Bring A Gun To A Swordfight

HIGH The ‘Death Gun’ fight.

LOW Not being able to shoot up while flying foes can shoot down.

WTF I’m not super-clear on what the purpose of ‘Kiriko’ was.


Setting a singleplayer campaign in an MMO’s world seems like a crazy idea. Playing not as a hero on an adventure, but as a person in an online game where adventure is happening would seem to add an extra level of artifice to the game, further distancing players from the experience.  In practice, though, Sword Art Online: Fatal Bullet understands that the people who play online games bring real-life drama along with them, and that subject matter can be just as worthwhile as tackling a dragon hoarding a cache of magic crystals.

A 3rd-person shooter set in a VR MMO, Fatal Bullet casts players as a brand-new player dragged into the game by a childhood friend who needs help with an in-game event. A lucky break ends up awarding the player the two rarest items in the game – a grappling hook to let them traverse the world vertically, and an AI partner that’s unusually helpful. Suddenly the player is surrounded by people accusing them of cheating, hangers-on who want to be near success, rivals who want to steal what they have, and, naturally, the cast of the SAO franchise who can be added to the party after the first couple of hours.

Fatal Bullet’s gameplay is built around traditional action/RPG elements, with things skewing heavily towards the RPG side. The player goes to the hub world, collects bounties, goes treasure hunting, and performs story-based missions, then heads out into fields and dungeons to blast away at various robotic enemies. They’re allowed to bring along three AI partners, and the available characters do a good job of filling out traditional MMO archetype slots. There are tank characters with skills to attract attention and soak up damage, healers, snipers, and support characters that buff the team in various ways.

Since the game provides the chance to play almost any way someone wants, I tended to get in close to blast away with SMGs, and with the right team backing me up, I could be assured that my wounds would constantly be healed and that stronger enemies would find themselves stunned or set on fire. I attempted a few different approaches, building sniper, tank, and support loadouts, and never had trouble assembling a team to keep things competitive. All of these builds and skills are also easily transferable to the optional online component, where people can team up with other players to farm bosses for materials or fight each other to determine who the best is.

Unfortunately, this flexibility goes to waste thanks to repetitive enemy encounters — there aren’t enough enemy types to fill out the campaign. In the first zone players will fight a few different types of walking and flying robots, some scorpions, and the occasional metal bee. All of those enemies will reappear for the rest of the game with new color schemes and buffed stats, but no significant changes. New zones will introduce one or two new new enemy types, but there just isn’t enough variety.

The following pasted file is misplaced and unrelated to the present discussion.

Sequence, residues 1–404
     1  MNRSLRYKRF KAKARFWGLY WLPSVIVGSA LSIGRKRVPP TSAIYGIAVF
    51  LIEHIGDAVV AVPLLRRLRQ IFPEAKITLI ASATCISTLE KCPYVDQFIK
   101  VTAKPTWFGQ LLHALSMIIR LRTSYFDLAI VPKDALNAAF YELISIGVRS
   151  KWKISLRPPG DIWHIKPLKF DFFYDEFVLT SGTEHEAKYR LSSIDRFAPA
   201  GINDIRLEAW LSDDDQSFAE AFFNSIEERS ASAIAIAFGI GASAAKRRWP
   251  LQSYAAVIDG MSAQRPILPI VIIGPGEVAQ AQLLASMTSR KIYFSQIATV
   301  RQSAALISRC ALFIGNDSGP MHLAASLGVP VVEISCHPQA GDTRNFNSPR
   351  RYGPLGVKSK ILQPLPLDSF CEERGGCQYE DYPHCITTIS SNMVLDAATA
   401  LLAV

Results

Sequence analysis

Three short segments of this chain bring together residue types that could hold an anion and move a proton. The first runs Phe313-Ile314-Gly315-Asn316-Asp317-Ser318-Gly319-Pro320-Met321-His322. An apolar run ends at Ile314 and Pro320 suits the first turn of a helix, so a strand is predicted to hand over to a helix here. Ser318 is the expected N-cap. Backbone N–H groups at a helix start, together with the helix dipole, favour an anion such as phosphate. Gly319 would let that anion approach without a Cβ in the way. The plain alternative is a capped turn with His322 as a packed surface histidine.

Also troubling is Fatal Bullet’s crafting system, which baffled me to no end. Supposedly weapons can be upgraded by finding materials in the field, either in chests or from enemy drops, but I was never able to put the parts together until long after I’d found or purchased far better weapons than I could have crafted myself. Later, I discovered that material drops are restricted to certain difficulty levels – the consequence being that players looking to take it easy will effectively have the entire crafting part of the game closed off to them.

Despite those stumbles, where Fatal Bullet truly excels is in its storytelling. Never really focusing on the game-within-a-game’s story, the main plot points here are all about the players, why they’re playing MMOs, and what they hope to get out of the experience. Issues addressed include PTSD, stalking, social anxiety, and others. The script delves deep into the idea that while building a virtual community can be a positive kind of social interaction, neglecting real-life interactions can be dangerous. Also, there’s a murder-mystery storyline which plays out in a side story.

Sword Art Online: Fatal Bullet is a perfect game for anyone looking to get a taste of what MMOs feel like without wanting to dedicate hundreds of hours of their lives to the experience, and perhaps more importantly, it has an ending. Rating: 7 out of 10


Disclosures: This game is developed by DIMPS and published by Bandai Namco. It is currently available on PC and PS4. This copy of the game was obtained via publisher and reviewed on the PS4. Approximately 40 hours of play were devoted to the single-player mode, and the game was completed. Two hours of play were spent in multiplayer modes.

Parents: According to the ESRB, this game is rated T and contains Mild Language, Suggestive Themes, and Violence. In addition to the standard JRPG penchant for suggestive costumes, there’s some discussion of romantic obsession that definitely earns the game the T rating. The language is so mild I didn’t notice it, and almost all of the violence is within the context of virtual characters shooting virtual robots.

Deaf & Hard of Hearing Gamers: I played most of the game on mute and had no trouble – there are subtitles for all dialogue, and an incredibly useful mini-map and HUD to keep you apprised of enemy locations. It’s fully accessible.

Remappable Controls: No, this game’s controls are not remappable.

Colorblind Modes: There are no colorblind modes available in the options.

Daniel Weissenberger
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